HEAD: pallore swollen face; with moving maggots on the buccal opening; lips blue, swollen tongue, completely fractured mandibular bone (R) side inwardly and upwardly dislocated & (L) side outward and upwardly dislocated; with imprint abrasion (bite mark) at (L) maxillomandibular region; 1.9 cm. Lacerated wound at (L) lower chin; (L) eye partially opened with constricted pupil; (R) eye, closed with purplish periorbital hematoma and 0.4 cm. lacerated wound at nasal side of infraorbital region; ear with purplish subcutaneous hematoma at (L) helix.

NECK: with redness and ecchymotic friction abrasion and slight desquamation of the epidermis at the (L) lateromedial aspect middle 3rd of the neck and neck flexed on the opposite side (R).

EXTREMITIES - Upper: firm clenched hands with purple fingernails.

Lower: with reddish brown multiple abrasion at posterior aspect of the proximal 3rd of the lower extremities, bilateral & (L) post. side of the knee.

GENITALIA: with cassava branch inserted 4 cm. Deep intravaginally with abundant yellowish maggot on the vaginal entroetus and in thigh and upon removal of the branch, admits 2 fingers with ease, no lacerations noted.

VAGINAL SMEAR FOR SPERM CELL: ( - ) neg. June 27, 1994

CAUSE OF DEATH: Asphyxia 2 to occluded windy

: Neurogic shock.

(Emphasis supplied)

Dr. Moran explained that at the time of the examination, the victim had been dead for more than 12 hours. The victims face was swollen and pale which could be due to strangulation. Her lips were blue and the tongue was swollen. The right and left sides of the lower bones of the mouth (jaws) were dislocated, probably due to a strong impact. There was a bite mark on the left cheek caused by human teeth and a 1.9 cm. wound on the lower chin. The left eye was slightly protruding (medyo nakalabas) while the right eye was closed and appeared bluish (parang latay), indicating that the victim received a fist blow. The lacerated wound on the nasal side indicated that whoever hit the victim had a metal or ring on his finger. The crack on the left ear, outer lobe, could be due to an impact against a hard object or due to a fist blow. The abrasions on the neck showed crossing imprints that were not caused by hand or rope but by a hard object pressed against the victim. The injuries on the thigh near the buttocks indicated that the victim was pushed or pressured down to the ground. Her genitalia had a branch of cassava inserted inside, about 4 cms. deep.[9]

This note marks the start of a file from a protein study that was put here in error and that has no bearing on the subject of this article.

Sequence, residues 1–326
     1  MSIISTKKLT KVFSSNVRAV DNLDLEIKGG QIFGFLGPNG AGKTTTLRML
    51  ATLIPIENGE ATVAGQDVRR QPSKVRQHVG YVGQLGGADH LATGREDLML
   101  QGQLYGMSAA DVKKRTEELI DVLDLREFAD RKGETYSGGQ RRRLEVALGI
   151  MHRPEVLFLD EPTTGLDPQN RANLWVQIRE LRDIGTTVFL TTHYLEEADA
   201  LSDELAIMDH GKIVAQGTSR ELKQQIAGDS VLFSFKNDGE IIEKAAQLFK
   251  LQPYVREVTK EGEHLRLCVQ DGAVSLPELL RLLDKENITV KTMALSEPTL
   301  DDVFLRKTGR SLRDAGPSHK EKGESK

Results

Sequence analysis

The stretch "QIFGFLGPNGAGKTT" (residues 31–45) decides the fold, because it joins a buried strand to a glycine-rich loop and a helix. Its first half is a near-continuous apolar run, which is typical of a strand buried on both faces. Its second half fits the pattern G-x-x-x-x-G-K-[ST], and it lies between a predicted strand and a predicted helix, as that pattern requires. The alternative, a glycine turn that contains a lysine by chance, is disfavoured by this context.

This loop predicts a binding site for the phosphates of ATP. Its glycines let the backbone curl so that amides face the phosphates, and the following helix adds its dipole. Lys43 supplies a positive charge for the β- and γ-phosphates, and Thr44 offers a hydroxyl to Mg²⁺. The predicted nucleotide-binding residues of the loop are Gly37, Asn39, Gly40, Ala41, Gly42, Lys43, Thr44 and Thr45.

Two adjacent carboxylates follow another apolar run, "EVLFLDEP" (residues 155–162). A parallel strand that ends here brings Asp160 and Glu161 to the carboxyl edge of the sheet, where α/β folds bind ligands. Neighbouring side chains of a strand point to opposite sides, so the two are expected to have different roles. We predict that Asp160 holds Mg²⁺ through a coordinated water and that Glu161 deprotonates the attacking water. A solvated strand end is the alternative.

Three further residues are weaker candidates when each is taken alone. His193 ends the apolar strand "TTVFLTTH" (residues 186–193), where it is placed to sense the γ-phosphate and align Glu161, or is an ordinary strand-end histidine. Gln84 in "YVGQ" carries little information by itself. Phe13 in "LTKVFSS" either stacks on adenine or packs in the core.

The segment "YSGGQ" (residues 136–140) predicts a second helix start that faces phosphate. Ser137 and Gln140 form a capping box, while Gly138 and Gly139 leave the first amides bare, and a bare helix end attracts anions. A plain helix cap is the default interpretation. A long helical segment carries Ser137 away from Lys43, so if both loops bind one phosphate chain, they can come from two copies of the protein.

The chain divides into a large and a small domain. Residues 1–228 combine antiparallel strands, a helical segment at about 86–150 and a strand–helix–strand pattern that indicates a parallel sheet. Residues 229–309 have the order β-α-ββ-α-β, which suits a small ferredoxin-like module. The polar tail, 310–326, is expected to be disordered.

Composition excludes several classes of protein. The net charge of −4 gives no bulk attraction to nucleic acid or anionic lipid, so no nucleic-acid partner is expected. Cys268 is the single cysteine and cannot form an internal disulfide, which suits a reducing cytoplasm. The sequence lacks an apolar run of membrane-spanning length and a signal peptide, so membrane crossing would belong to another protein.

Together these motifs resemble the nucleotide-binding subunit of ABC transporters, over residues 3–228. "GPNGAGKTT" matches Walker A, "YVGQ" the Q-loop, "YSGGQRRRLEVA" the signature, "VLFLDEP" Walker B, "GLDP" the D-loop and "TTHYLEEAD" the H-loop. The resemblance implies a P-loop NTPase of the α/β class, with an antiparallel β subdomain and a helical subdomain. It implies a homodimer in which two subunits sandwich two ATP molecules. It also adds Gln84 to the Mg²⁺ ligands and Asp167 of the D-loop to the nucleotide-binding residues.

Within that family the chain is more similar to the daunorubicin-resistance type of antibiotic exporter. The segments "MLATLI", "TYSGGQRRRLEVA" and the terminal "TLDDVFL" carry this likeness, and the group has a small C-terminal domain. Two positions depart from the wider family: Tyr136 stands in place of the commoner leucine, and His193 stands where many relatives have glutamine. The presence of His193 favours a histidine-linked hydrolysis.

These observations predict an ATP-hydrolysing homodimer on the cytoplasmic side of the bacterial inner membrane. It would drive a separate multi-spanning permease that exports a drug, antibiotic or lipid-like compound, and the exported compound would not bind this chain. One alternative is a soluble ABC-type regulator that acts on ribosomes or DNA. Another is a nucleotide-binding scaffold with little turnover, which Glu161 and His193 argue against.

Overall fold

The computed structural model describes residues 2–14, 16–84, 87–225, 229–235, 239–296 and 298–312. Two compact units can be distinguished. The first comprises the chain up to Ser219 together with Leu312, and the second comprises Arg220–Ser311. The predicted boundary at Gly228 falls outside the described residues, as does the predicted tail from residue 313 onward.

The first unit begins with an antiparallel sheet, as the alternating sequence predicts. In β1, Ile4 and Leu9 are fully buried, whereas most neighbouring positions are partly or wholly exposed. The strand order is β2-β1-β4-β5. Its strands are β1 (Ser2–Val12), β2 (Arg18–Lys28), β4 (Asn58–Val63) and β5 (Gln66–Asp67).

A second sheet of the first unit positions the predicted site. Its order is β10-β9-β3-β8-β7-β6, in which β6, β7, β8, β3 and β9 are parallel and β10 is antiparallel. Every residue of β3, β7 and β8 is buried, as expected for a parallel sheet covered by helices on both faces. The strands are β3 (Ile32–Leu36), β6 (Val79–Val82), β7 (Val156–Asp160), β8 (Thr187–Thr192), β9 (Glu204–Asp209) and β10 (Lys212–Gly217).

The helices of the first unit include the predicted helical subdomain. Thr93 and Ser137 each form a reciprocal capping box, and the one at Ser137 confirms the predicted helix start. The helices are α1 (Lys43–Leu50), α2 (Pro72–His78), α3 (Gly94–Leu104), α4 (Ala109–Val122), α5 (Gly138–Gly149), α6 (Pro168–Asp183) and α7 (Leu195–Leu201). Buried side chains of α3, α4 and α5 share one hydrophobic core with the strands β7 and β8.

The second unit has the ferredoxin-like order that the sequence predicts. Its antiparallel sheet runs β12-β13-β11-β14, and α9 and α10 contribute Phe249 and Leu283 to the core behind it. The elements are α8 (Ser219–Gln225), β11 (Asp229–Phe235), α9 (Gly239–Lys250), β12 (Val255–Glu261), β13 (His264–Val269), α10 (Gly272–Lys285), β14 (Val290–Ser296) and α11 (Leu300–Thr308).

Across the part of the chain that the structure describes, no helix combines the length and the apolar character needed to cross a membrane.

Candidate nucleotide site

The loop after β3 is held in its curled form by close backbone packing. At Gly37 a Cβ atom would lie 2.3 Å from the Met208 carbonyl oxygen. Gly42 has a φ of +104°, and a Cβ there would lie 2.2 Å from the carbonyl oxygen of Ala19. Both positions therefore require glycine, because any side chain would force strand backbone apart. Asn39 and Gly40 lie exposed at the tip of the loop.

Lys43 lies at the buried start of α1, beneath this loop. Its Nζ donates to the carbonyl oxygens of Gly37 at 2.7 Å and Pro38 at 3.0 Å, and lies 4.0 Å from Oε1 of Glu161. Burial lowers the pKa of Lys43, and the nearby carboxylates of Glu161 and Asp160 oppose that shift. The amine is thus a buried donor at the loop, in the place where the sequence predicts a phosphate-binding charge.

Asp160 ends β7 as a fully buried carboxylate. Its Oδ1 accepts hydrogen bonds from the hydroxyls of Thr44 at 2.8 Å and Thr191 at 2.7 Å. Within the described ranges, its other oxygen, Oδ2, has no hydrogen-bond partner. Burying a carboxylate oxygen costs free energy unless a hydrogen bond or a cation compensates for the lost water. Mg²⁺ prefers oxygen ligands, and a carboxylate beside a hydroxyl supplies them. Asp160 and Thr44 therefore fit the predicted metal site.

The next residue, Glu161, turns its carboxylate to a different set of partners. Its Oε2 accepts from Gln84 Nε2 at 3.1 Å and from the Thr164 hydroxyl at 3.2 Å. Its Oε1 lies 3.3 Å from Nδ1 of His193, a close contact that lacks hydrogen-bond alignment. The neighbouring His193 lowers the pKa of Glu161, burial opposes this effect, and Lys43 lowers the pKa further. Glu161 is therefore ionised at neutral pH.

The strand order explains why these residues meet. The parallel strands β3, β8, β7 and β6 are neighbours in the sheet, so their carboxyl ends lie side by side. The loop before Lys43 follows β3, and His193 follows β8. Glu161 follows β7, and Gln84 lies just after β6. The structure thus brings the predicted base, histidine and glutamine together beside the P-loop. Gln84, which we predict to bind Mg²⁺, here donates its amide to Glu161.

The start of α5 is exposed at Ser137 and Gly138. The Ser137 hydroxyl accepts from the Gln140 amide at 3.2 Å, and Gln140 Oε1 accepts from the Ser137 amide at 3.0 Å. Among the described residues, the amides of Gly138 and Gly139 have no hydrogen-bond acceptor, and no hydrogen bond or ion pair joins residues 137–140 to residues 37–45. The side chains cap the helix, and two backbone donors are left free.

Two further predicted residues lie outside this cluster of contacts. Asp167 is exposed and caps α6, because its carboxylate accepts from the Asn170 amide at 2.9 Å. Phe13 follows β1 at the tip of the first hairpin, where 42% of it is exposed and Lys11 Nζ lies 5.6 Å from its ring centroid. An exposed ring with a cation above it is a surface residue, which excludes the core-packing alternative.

Dr. Moran concluded that, from the nature of the injuries sustained by the victim, it was possible that more than one person attacked her and that she put up a fight against her assailants. The victim died primarily due to strangulation.[10]

Nelson Volante, 46 years old, gave an eyewitness account of the crime. He testified that on the evening of June 24, 1994, he watched television shows in the house of a certain Bonifacio Borjal. He left at about 10:00 p.m. It was a moonlit night.

On his way home, he passed by the trail leading to his house. After about one kilometer, he heard someone moaning. Curious, he followed where the sound emanated. As he peeped though the foliage some three meters away from the trail, he saw three men standing near a woman who was lying on the ground face up (nakatihaya). Another man whom he failed to recognize was standing beneath a banana tree about ten meters away from the accused and the woman. He identified the three men as accused Bienvenido Bonito, Roberto Candelaria[11] and Domingo Buiza. Accused Bonito was holding a cassava trunk. Without much ado, Bonito inserted the cassava trunk in the private part of the woman while Buiza and Candelaria held her hands and feet respectively. Volante was just five meters away from the three accused. Shocked by what he saw, he hurriedly left and headed for home. He did not tell his wife about the incident because he was afraid to get involved. He hardly slept that night.[12]